With Head-of-School Margarita Curtis’s announcement about the elimination of dress-down Fridays in January, students and faculty alike are voicing their opinions on how this change will affect them and the school. Taking away this more-than-25-year-old tradition has prompted a range of reactions, both positive and negative, from the Deerfield community. The custom that was established long before Dr. Curtis arrived at Deerfield was originally inspired by January’s title of “Stress Management Month.”
Dr. Curtis agrees that it is important to manage stress, but she believes that by treating dress-down days as stress-relievers, students are equating regular class-dress days with the negative notion of stress. In her view, the dress code “is about signaling the seriousness of purpose we bring to our work day and about creating a sense of community by adhering to this commitment.” Associating this school rule with stress is an attitude she views as a disservice to ourselves when we are expected to perform our best in class and when the professional world we will face in the future may demand more formal attire.
Although not the most important reason in Dr. Curtis’s view, eliminating dress-down also shows campus visitors our long-standing commitment to a traditional dress code that enables us to take our class day seriously.
While Claire Collins ‘15 and Yuri Lee ‘15 “respect Dr. Curtis and do believe that she looks out for [students’] best interests,” both struggle to see this as a valid reasoning for dress-down elimination.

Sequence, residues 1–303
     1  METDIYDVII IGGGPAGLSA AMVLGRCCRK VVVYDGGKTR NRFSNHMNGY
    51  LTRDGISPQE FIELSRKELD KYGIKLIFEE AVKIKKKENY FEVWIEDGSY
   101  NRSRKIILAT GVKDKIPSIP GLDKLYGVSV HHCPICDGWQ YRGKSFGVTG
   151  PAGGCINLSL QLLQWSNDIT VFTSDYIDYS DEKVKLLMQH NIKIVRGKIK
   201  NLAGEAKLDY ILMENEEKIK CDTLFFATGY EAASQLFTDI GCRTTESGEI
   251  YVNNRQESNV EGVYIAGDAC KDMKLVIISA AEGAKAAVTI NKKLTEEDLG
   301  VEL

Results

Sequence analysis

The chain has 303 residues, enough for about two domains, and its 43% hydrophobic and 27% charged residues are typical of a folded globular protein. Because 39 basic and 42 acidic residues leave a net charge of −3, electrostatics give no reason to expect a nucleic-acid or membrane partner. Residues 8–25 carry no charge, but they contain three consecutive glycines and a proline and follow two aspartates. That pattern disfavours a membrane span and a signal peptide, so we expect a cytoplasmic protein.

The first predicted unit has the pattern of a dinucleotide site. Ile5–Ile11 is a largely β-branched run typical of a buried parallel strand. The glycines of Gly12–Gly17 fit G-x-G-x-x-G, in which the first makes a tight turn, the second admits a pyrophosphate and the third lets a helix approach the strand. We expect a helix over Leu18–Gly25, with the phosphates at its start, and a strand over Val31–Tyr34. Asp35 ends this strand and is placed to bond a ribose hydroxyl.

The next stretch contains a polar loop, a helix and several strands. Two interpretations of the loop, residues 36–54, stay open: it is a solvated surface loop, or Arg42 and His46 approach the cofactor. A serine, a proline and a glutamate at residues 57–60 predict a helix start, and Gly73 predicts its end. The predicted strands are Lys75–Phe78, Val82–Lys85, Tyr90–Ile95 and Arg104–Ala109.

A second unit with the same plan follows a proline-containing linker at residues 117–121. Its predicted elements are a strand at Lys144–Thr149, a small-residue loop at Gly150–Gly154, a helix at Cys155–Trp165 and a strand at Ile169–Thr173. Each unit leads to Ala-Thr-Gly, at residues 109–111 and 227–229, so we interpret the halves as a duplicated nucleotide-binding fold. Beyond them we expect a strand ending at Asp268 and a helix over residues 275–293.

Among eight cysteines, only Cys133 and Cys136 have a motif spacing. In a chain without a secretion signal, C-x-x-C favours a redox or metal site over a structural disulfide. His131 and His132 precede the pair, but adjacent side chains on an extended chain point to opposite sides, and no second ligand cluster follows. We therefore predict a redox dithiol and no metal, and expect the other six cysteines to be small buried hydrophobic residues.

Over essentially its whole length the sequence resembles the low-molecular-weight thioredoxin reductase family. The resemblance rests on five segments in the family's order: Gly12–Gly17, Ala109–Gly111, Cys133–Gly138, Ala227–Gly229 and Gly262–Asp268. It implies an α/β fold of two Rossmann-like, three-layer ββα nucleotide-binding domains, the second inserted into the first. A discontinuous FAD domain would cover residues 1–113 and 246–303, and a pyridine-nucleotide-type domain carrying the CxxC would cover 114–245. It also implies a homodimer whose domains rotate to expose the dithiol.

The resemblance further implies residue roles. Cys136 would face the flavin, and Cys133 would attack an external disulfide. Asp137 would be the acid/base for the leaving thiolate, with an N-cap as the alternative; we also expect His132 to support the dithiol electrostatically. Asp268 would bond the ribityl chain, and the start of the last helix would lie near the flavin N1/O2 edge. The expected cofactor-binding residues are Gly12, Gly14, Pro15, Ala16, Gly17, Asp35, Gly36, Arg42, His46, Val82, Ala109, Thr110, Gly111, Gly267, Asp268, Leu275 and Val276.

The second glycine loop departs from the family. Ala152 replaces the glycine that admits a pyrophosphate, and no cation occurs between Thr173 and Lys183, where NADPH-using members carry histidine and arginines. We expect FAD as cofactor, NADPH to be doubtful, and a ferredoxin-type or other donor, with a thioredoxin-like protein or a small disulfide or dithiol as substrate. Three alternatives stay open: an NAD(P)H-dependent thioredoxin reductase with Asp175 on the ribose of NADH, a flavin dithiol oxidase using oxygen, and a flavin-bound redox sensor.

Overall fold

Lee noted, “It’s not like we didn’t have visitors last year or that the amount of visitors has suddenly increased.”
Collins, in agreement, added, “It also shows visitors that we can have fun.” Collins also brings up the relationship between dress-down dinner in the fall term and this more recent dress-down Friday change. “Is it going to hurt the school if we have both? [Is there] an exchange going on?” she asks, noting the inconsistent give-and-take nature many feel concerning these two issues.
To this, Dr. Curtis responded: “The notion for dressing down for a family dinner made sense to me,” describing the differences as between “dressing professionally for class out of respect for work” and dressing more casually for what she hopes can be a relaxed family experience.
While most students, such as Collins and Lee, seem opposed, Logan Knight ’17 shared an interesting perspective on the issue: “While I don’t agree with it, the administration is in charge, so for [this] decision that, in the long run, is not that big of a deal, they should just do it.”
These nuances within student reactions are reflected in the range of faculty opinions. Although The Student Activities Director and language teacher, Mr. Bicknell, thinks “flannel Friday is the absolute best,” he also “like[s] the idea of having a little more flexibility in terms of when [dress-down days] occur.”
Health Issues teacher Kristin Loftus, however, noted: “the Peer Counselors and I were disappointed this year not to be able to collaborate with Dr. Curtis on this typically well-received tradition.”
Dr. Curtis believes that allowing a dress-down day for classes during the weekdays on Fridays in January sends mixed messages. She views the elimination of dress-down Fridays as a “more consistent enforcement” of school guidelines, though she is prepared to “make exceptions on days when it makes sense to relax the code.” If Deerfield has a dress code, it needs to be followed consistently, otherwise, as a school, “it becomes more difficult to do what we say we will.” Ultimately, Dr. Curtis concluded, “It is an issue of aligning our practices with our policies.”